The mishaps began early. at the grand opening of the Hanover world's fair earlier this month, Polish President Aleksandr Kwasniewski got stuck in an elevator in the newly unveiled European Union pavilion. Technicians rushed to the scene but couldn't get the brand-new lift to budge. After anxious minutes, the hefty statesman had to climb a ladder and wriggle through a narrow hatch onto the roof. The elevator mishap was just for openers. Last week, Prince Ernst August of Hanover, in town with his wife, Princess Caroline of Monaco, suddenly collapsed at a gala after a long day shaking hands on the fairgrounds. Medics whisked him away; the exact cause and nature of his fainting spell remain unknown. Fortunately, when Ludmila Putin blasted in last week during her husband's state visit to Germany, the Russian First Lady got away unscathed.
The fair itself may not be so lucky. Barely three weeks into its four-month run, Expo 2000, as the fair is known, is off to an embarrassing start. The biggest and most expensive world's fair ever, the 1.8-billion euro project was supposed to make bold statements about solving the 21st century's problems, show off a vibrant Germany to the world and bring 40 million visitors to Hanover by the time the curtain comes down on Oct. 31. Instead, German newspapers have trashed the fair as "mediocre" and "embarrassing." There's been a plague of technical problems. And despite some truly stunning exhibits and a vast entertainment program, people are staying away. After an opening day that drew only half the 300,000 expected visitors, the numbers leveled off at 60,000 a day--just 30 percent of what organizers had forecast. Financial disaster is looming: government sources told one newspaper that the Expo could cost German taxpayers as much as 1 billion euro. "The Expo is in very critical condition," admits Jurgen Resch, a member of the fair's advisory board.
Expo 2000 was supposed to be a grand "workshop of ideas" for the new millennium. Originally conceived in the late 1980s when Gerhard Schroder was the governor of Lower Saxony, Hanover's state, the fair borrowed its theme--"Humankind, Nature, Technology"--from the 1991 Earth Summit in Rio de Janeiro. There's a 100,000-square-meter general exhibition devoted to broad topics such as health, transport and energy. Forty-one countries built their own pavilions that celebrate national art, culture and technology. The Japanese pavilion, for example, is a giant origami bubble made entirely of paper and cardboard, all to be recycled at the Expo's end. Switzerland's exhibit is housed in an astonishing all-wood labyrinth designed by architect Peter Zumthor. While some parts of the show are didactic, others are just fun. In the dimly lit transport hall, visitors stroll among 72 egg-shaped robots moving noiselessly in little herds. In the health exhibit, fairgoers can relax to New Age music while lounging in automatic massage chairs.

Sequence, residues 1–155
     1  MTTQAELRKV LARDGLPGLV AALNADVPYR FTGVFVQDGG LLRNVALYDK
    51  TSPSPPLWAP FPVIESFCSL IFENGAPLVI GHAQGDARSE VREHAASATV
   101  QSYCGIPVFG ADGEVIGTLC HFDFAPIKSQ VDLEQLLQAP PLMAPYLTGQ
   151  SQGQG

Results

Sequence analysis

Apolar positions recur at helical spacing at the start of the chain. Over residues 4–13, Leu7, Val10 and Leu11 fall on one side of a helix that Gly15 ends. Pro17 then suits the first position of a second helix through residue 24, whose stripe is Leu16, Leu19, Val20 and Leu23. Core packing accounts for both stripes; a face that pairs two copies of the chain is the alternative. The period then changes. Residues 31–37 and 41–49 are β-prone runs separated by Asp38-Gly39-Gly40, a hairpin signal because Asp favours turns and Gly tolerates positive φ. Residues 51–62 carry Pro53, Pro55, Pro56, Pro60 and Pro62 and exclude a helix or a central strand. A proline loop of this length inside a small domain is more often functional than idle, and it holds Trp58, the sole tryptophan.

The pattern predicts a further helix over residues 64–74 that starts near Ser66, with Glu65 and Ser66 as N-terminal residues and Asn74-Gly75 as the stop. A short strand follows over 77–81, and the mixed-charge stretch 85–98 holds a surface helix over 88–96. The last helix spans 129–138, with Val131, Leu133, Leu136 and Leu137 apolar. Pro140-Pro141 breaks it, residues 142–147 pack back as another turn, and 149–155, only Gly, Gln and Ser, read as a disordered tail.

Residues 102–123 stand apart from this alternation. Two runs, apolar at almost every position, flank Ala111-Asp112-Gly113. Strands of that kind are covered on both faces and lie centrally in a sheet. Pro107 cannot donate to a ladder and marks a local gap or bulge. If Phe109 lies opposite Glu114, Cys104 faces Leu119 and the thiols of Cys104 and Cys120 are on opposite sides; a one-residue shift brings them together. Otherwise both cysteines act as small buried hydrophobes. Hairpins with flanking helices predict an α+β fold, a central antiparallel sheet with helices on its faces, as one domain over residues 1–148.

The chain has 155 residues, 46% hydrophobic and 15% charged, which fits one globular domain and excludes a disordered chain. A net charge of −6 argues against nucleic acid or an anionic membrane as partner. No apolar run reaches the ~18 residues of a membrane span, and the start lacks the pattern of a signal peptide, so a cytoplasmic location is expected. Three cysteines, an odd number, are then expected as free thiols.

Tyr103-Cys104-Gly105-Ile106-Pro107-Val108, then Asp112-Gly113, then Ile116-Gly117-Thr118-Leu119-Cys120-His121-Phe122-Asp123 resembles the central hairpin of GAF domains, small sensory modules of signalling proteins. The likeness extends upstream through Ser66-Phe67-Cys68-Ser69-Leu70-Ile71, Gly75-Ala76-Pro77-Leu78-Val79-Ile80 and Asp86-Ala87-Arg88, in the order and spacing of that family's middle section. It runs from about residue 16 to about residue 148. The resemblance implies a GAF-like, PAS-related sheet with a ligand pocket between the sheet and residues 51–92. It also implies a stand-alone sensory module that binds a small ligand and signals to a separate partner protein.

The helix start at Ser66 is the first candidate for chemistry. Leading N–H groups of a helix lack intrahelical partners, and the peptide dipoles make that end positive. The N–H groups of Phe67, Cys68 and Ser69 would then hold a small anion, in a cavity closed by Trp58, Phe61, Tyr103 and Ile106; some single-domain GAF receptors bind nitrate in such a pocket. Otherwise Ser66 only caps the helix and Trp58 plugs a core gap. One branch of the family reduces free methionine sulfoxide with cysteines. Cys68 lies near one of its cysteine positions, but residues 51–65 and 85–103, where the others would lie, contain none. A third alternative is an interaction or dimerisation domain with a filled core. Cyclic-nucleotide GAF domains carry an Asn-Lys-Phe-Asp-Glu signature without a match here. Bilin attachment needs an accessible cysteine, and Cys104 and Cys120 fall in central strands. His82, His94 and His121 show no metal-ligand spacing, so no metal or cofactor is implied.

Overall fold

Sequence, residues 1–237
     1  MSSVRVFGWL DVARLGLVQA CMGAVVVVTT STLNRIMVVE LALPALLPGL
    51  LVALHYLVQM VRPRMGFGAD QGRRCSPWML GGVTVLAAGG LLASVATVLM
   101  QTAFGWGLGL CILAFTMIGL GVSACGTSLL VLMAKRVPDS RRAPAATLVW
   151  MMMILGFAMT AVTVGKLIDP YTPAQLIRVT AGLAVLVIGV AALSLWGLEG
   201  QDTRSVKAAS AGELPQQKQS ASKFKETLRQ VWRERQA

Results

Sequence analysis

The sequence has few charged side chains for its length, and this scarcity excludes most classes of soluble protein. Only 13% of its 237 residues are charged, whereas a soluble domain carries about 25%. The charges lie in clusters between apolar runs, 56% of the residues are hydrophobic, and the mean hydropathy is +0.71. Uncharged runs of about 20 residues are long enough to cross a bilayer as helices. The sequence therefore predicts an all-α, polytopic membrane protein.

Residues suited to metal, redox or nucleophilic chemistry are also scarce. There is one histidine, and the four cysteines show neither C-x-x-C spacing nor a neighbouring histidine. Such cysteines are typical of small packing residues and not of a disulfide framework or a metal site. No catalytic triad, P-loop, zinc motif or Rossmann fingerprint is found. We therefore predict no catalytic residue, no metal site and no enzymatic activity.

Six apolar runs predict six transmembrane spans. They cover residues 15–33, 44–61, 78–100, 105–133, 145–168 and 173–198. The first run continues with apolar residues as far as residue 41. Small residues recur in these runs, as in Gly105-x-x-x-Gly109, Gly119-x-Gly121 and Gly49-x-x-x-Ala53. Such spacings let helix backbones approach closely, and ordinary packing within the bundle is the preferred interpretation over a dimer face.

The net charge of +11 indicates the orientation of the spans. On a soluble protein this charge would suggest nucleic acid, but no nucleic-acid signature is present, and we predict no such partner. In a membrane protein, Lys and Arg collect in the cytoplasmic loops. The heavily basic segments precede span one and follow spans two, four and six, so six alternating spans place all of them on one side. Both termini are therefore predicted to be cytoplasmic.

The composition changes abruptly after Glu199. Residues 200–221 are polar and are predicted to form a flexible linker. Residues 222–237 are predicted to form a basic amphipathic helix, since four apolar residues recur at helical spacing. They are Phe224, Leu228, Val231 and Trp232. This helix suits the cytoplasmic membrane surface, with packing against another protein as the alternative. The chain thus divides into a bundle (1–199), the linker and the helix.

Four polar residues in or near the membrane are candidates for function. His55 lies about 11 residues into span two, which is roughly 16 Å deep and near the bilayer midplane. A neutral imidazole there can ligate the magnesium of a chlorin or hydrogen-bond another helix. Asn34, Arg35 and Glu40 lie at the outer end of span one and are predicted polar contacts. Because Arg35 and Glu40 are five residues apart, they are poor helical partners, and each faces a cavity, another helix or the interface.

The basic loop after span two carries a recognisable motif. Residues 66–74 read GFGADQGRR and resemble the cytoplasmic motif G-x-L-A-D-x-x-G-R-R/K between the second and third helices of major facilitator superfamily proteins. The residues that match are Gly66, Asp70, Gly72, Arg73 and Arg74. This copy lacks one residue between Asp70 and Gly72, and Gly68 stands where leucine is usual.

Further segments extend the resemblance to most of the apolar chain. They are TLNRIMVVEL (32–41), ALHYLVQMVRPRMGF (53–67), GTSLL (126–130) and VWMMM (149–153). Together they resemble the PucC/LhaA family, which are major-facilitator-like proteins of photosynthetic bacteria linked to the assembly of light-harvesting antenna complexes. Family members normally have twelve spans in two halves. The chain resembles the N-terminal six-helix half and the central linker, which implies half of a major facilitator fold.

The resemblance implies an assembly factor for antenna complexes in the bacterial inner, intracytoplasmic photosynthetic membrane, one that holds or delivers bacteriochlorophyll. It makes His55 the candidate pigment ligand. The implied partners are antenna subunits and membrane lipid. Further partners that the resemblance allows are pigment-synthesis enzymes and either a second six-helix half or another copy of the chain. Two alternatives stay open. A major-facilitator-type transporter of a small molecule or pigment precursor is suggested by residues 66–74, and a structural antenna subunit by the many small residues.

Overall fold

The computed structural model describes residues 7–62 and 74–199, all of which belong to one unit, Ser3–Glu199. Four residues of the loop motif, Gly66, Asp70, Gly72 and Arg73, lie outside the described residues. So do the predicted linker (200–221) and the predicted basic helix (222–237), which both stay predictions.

But all along the Expo has been dogged by public-relations fiascoes. Last year the United States decided not to build a national pavilion after Congress refused to spend public money. (There are eight McDonald's franchises on-site, though.) The German media seemed to revel in reporting management squabbles, cost overruns and construction delays. Exorbitant hotel prices and rail fares hiked during the Expo discouraged visitors. "There've been dramatic marketing mistakes," says Jurgen Kindervater, spokesman for Deutsche Telekom, an Expo 2000 sponsor. Left-wing protesters who call the fair the propaganda tool of globalizing capitalists threw burning tires onto train tracks and caused massive delays. Stressed by Hanover's noise and crowds, camels flown in for the United Arab Emirates' exhibit had to be evacuated to an animal sanctuary. The Expo's cultural highlight, a 20-hour production of Goethe's "Faust," is in trouble: last week, the lead actor fell off a ladder during rehearsals and broke his hip. The biggest problem may be the notion of the world's fair itself. Expositions in centuries past promoted grand-scale engineering feats--from steamboats and grain combines to satellites and rocket ships. By contrast, the late-20th-century miracles of microchips and fiber optics are little suited to display in sprawling exhibition halls. Moreover, national pavilions seem somehow anachronistic in an era of increasing globalization. Media giant Bertelsmann chose to build its own separate complex on the site, a multimedia show called "Planet M," rather than participate in the German pavilion. Eager to spice up the show, the organizers threw in music, dance, arts, theater and ethnic food. But Korean barbecue and Zulu war dancers seem more in keeping with a high-class street fair than an ode to mankind's future. "The purpose of a world's fair today is totally unclear," says Eckhard Kucher, a marketing specialist in Bonn.
Organizers are scrambling to salvage the fair. They've slashed prices for evening tickets and offer free guided tours. Trying to help, Chancellor Schroder last week ordered his ministers to promote the Expo by making personal appearances there. By the weekend the new marketing push appeared to be working: daily attendance was up to more than 100,000. "Every world's fair has terrible attendance at the beginning and soars in the end," insisted Bernd Bauer, a Bertelsmann executive in charge of the company's 50 million euro Expo investment. He also points to visitors' polls that say 94 percent would recommend the fair to their friends. Still, attendance will have to more than double yet again to get the show out of the red. Even if the makers of the Expo manage to spare German taxpayers' wallets, it's not clear if they'll be able to rescue the concept of a world's fair for the 21st century.